A win for Democracy: Post Office changes postponed until after 2020 election
U.S. postal service trucks sit parked at the post office in Del Mar, California November 13, 2013. REUTERS/Mike Blake

All changes being made to the U.S. Postal Service will now be postponed until after the November 3, 2020 election after 20 Democratic states announce plans to sue Postmaster General Louis DeJoy.

According to CNN, at least two federal lawsuits are in the process of being filed with the first one being led by Washington state and joined by Colorado, Connecticut, Illinois, Maryland, Michigan, Minnesota, Nevada, New Mexico, Oregon, Rhode Island, Vermont, Virginia, and Wisconsin.

Washington state Attorney General Bob Ferguson wrote that DeJoy "acted outside of his authority to implement changes to the postal system, and did not follow the proper procedures under federal law."

Ferguson added, “For partisan gain, President Trump is attempting to destroy a critical institution that is essential for millions of Americans. We rely on the Postal Service for our Social Security benefits, prescriptions — and exercising our right to vote. Our coalition will fight to protect the Postal Service and uphold the rule of law in federal court.”

Trump stated last week that the service cuts at the Postal Service have a partisan motive.

“They need that money in order to make the Post Office work so it can take all of these millions and millions of ballots," Trump claimed. "They don’t have the money to do the universal mail-in voting. So therefore, they can’t do it, I guess."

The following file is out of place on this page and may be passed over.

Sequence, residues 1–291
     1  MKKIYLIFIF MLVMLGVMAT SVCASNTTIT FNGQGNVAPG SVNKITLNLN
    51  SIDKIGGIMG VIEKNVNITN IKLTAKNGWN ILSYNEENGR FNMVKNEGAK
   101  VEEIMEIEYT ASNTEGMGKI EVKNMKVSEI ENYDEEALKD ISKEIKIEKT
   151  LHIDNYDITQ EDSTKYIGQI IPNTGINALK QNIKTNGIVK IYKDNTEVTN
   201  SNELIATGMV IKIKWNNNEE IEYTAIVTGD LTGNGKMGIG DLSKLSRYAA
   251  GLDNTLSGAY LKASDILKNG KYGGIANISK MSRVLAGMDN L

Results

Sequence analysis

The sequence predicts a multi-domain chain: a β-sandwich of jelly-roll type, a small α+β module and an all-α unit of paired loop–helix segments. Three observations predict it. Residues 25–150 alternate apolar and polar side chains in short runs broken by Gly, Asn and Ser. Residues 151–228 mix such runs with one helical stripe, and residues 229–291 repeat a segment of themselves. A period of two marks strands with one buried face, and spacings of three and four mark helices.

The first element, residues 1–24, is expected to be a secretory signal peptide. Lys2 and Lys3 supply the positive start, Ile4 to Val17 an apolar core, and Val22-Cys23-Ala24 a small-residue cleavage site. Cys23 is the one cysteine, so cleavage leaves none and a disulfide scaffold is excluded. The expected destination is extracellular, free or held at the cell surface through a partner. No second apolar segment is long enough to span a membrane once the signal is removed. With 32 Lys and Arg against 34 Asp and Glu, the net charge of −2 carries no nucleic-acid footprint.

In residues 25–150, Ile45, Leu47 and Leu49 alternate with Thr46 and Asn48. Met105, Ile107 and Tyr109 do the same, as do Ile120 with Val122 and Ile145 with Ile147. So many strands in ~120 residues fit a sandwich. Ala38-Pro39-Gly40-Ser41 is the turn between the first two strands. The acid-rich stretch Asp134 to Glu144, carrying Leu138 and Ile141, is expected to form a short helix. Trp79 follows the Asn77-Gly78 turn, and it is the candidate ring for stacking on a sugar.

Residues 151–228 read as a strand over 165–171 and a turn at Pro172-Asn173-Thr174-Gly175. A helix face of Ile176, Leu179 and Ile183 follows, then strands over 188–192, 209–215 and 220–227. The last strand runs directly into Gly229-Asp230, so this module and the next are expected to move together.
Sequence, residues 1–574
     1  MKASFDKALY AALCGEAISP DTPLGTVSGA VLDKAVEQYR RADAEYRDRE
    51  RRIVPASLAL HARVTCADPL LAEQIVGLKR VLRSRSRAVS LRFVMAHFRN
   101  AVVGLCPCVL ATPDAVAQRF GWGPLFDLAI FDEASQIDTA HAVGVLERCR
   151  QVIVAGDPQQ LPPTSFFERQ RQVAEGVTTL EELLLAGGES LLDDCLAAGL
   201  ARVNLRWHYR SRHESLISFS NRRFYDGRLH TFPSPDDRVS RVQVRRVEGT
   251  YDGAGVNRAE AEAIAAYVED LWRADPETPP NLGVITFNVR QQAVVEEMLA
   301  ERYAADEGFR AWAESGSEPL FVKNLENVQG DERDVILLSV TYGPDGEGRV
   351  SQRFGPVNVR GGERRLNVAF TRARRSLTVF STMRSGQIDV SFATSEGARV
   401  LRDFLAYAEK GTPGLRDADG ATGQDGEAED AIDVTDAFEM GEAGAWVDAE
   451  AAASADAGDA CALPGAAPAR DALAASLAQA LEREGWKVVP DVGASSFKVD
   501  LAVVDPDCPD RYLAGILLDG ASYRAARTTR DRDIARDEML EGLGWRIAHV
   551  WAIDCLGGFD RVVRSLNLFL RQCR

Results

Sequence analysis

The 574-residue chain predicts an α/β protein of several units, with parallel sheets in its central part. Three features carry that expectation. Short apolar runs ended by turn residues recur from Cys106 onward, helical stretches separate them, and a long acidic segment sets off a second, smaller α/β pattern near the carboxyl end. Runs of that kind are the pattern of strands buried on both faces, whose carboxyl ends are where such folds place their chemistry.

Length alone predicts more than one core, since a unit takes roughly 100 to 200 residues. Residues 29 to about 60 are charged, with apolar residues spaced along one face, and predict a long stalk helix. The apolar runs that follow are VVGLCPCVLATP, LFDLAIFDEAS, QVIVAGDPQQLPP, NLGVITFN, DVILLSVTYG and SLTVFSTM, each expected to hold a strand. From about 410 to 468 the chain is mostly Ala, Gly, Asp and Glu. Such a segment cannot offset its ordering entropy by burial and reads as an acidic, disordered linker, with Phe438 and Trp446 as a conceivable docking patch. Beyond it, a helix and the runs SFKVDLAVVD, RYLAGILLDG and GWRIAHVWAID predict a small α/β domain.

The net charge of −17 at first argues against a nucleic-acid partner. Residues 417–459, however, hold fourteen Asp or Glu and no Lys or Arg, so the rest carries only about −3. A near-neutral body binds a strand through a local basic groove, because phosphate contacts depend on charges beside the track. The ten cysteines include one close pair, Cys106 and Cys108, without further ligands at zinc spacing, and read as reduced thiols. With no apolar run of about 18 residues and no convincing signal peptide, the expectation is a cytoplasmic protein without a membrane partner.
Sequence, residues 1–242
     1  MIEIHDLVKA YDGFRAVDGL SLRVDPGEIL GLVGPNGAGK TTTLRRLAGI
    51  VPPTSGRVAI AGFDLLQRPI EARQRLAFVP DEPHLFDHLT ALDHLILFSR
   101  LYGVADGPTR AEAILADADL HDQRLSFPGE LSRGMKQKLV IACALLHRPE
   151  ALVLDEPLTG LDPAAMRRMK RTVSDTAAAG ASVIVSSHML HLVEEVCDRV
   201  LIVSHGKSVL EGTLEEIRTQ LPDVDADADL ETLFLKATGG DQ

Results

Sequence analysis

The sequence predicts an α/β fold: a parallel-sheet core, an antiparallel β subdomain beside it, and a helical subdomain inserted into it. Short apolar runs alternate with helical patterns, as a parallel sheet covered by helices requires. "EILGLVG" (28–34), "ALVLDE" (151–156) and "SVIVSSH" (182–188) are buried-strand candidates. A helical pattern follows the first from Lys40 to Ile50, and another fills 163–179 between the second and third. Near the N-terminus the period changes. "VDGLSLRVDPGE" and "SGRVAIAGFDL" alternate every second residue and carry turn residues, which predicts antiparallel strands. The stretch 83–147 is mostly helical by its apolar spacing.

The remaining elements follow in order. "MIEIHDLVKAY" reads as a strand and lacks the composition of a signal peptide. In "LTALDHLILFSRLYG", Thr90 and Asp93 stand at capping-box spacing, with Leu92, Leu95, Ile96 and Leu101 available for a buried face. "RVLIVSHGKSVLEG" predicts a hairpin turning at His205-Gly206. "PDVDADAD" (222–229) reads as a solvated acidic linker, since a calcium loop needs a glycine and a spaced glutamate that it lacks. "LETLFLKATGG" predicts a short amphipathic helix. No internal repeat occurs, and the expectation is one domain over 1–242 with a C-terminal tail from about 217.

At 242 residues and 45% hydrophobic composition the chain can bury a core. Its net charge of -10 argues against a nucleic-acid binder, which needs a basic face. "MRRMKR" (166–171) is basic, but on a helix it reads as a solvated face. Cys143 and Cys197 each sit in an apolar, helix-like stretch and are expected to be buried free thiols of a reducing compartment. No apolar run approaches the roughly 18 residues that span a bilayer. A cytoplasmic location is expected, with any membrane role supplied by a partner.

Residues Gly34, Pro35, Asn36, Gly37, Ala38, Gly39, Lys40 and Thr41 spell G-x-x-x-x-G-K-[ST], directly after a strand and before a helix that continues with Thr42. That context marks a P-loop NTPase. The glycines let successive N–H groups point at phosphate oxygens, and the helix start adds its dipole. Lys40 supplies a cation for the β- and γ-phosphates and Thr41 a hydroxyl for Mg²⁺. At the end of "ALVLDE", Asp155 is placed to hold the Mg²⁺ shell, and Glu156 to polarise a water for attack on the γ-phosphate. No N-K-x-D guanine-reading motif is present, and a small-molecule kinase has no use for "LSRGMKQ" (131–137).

Ferguson repeatedly refuted Trump’s unfounded claims about mail-in voting.

“In the midst of the COVID-19 pandemic, it is imperative that we fiercely protect the democratic right to vote for all Americans, and simultaneously, the physical safety of voters,” Ferguson said earlier this month. “Expansion of vote-by-mail options across the country allows us to achieve both.”

The second lawsuit is being filed in a Pennsylvania federal court. States involved in this lawsuit include California, Pennsylvania, Massachusetts, Delaware, Maine, and North Carolina.

DeJoy issued a statement Tuesday on behalf of the U.S. Postal Service.

"I want to assure all Americans of the following: Retail hours at Post Offices will not change; mail processing equipment and blue collection boxes will remain where they are; no mail processing facilities will be closed; and we reassert that overtime has, and will continue to be, approved as needed."

DeJoy continued, "In addition, effective Oct. 1, we will engage standby resources in all areas of our operations, including transportation, to satisfy any unforeseen demand."

However, the damage to the U.S. Postal Service and election integrity has already been marred with removal of postal boxes and delivery slowdowns in recent weeks.